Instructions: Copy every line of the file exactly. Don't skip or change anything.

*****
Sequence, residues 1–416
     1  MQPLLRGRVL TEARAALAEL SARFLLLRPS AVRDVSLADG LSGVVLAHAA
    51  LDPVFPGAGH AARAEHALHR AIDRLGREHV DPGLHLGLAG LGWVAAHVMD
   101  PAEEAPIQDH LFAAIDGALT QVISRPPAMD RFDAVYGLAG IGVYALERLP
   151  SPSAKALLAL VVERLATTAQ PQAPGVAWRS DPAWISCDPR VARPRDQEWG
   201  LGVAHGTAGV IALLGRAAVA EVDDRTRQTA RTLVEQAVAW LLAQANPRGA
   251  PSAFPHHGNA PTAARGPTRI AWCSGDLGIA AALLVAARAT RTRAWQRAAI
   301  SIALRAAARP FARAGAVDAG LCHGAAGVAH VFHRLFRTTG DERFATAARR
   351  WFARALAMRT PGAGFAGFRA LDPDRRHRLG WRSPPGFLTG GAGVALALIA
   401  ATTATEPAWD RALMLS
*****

Sequence, residues 1–416
     1  MQPLLRGRVL TEARAALAEL SARFLLLRPS AVRDVSLADG LSGVVLAHAA
    51  LDPVFPGAGH AARAEHALHR AIDRLGREHV DPGLHLGLAG LGWVAAHVMD
   101  PAEEAPIQDH LFAAIDGALT QVISRPPAMD RFDAVYGLAG IGVYALERLP
   151  SPSAKALLAL VVERLATTAQ PQAPGVAWRS DPAWISCDPR VARPRDQEWG
   201  LGVAHGTAGV IALLGRAAVA EVDDRTRQTA RTLVEQAVAW LLAQANPRGA
   251  PSAFPHHGNA PTAARGPTRI AWCSGDLGIA AALLVAARAT RTRAWQRAAI
   301  SIALRAAARP FARAGAVDAG LCHGAAGVAH VFHRLFRTTG DERFATAARR
   351  WFARALAMRT PGAGFAGFRA LDPDRRHRLG WRSPPGFLTG GAGVALALIA
   401  ATTATEPAWD RALMLS